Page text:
Cardiff Bay Development Research Cardiff Bay is Europe's largest waterfront development. Cardiff Docks as it was then called was the world's largest coal exporting port. It is also Europe's largest waterfront development and it has a wealth of leisure activities available both on and off the water. Cardiff bay has been turned into a vast freshwater lake with the introduction of a barrage. A number of boat tours operate from Mermaid Quay, which allow you to gain an understanding of the history and fauna of this exciting area.
A new water taxi service is available which operates throughout the year from the Bay to the city centre and Penarth. Cardiff Bay is home to a number of attractions such as Techniquest Science Discovery Centre - ideal for all the family, Craft in the Bay, The Welsh Assembly at the Pierhead, Butetown History and Arts Centre, Goleulong 2000 Lightship, the Norwegian Church Arts Centre and the brand new Wales Millennium Centre, a stunning and international arts centre.
The Atlantic Wharf Leisure Village provides further options for family entertainment. The harbour at Cardiff Bay experiences one of the world’s greatest tidal ranges up to 14m. This has meant that at low tide, it has been inaccessible for up to 14 hours a day. The new barrage will eliminate the effect of the tide, which has acted as an inhibitor to development, releasing the potential of the capital city's greatest asset - its waterfront. The construction of the barrage is one of the largest engineering projects in Europe.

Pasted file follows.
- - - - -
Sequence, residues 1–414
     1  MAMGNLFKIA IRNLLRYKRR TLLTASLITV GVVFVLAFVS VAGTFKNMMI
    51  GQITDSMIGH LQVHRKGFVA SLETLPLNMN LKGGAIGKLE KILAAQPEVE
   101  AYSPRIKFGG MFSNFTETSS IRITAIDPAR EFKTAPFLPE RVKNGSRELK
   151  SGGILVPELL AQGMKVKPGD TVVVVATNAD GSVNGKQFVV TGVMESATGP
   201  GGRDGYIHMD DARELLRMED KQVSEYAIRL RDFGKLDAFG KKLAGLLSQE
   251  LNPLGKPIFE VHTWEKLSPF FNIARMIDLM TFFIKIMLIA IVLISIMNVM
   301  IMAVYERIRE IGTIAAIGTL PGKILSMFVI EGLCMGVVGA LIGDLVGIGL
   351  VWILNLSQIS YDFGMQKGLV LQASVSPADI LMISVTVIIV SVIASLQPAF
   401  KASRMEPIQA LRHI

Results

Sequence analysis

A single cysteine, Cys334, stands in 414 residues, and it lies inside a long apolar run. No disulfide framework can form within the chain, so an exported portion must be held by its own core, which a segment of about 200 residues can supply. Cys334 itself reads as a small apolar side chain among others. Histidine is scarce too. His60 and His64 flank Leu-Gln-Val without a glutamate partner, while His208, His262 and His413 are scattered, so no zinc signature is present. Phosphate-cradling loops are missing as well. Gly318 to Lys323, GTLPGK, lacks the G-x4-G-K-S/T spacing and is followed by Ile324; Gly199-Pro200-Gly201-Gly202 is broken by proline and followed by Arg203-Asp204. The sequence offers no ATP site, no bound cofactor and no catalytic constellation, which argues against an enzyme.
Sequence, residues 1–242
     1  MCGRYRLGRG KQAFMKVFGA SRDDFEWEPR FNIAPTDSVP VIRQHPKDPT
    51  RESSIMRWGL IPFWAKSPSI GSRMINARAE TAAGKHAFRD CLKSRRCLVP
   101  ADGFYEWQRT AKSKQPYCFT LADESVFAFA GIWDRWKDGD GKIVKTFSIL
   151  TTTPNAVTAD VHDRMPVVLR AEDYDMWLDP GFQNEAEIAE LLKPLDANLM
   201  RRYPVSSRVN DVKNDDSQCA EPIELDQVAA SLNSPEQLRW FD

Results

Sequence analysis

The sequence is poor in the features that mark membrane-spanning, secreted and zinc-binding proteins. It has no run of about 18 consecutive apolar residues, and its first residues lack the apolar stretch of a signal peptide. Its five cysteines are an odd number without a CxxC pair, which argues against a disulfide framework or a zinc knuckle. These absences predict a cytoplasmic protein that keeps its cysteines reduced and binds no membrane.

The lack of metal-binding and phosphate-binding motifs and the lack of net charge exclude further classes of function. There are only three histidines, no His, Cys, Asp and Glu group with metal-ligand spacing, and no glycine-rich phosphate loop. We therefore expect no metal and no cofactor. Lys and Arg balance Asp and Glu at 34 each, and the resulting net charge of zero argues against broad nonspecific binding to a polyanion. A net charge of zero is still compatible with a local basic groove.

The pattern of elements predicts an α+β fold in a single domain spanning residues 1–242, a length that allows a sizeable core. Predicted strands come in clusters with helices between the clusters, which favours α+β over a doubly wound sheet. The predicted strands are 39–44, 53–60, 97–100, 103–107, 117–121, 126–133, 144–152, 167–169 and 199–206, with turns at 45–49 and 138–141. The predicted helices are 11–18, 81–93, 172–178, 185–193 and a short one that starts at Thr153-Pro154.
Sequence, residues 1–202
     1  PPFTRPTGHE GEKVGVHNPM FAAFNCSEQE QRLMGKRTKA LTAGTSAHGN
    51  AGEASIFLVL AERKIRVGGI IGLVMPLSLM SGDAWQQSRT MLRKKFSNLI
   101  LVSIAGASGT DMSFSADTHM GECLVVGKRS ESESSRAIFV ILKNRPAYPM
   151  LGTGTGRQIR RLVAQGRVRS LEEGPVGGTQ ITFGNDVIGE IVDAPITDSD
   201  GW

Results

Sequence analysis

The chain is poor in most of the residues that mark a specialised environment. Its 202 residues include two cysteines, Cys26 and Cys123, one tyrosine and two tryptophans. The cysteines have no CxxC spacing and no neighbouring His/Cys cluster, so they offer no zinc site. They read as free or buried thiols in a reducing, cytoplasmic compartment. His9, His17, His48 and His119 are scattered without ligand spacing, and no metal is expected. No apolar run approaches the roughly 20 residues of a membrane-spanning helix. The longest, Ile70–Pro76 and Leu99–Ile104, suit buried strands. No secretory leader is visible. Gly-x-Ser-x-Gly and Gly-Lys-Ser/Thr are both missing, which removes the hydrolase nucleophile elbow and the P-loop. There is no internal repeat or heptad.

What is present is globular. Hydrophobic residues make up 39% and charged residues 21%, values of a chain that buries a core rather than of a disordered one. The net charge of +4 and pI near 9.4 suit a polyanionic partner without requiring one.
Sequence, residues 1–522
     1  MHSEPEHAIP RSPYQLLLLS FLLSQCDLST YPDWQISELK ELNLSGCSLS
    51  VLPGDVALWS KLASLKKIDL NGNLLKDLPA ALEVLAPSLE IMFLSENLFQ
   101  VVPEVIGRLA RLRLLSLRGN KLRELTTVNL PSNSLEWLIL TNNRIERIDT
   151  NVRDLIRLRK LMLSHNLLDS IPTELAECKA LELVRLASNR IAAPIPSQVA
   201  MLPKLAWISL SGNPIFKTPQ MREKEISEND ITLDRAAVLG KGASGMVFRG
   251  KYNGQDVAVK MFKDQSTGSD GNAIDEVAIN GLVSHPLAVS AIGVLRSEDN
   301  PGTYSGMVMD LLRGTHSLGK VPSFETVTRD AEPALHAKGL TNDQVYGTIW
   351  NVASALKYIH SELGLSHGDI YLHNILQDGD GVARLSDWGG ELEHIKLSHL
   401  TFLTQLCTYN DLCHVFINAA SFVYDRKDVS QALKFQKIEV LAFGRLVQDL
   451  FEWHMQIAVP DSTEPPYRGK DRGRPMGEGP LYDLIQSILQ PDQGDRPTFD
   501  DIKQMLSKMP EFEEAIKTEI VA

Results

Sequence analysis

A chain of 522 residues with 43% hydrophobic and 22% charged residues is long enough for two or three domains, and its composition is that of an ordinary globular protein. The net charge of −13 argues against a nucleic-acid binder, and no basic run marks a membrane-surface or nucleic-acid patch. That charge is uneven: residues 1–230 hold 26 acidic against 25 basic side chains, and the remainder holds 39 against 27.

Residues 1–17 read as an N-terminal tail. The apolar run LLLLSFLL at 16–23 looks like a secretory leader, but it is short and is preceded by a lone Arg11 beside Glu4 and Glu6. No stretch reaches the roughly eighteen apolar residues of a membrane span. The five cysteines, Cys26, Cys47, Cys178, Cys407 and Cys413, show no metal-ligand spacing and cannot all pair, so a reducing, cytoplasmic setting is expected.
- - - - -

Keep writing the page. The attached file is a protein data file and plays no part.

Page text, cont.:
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Completed in 1999, it has created a 500 acre freshwater lake with 8 miles of waterfront and it is hoped it will stimulate the future development of the Bay as a tourist and leisure destination. The Cardiff Bay Development Corporation was set up in April 1987 to regenerate the 1,100 hectares of old derelict docklands of Cardiff and Penarth. It was part of the British Governments Urban Development Programme to regenerate particularly deprived and run-down areas of British inner cities.
The mission statement for the regeneration project, set by the then Welsh Secretary of State, Nicholas Edwards was: - To put Cardiff on the International map as a superlative maritime city which will stand comparison with any such city in the world, thereby enhancing the image and economic well-being of Cardiff and Wales as a whole The five main aims and objectives identified for the regeneration project were: - To promote development and provide a superb environment in which people will want to live, work and play. To re-unite the City of Cardiff with its waterfront.
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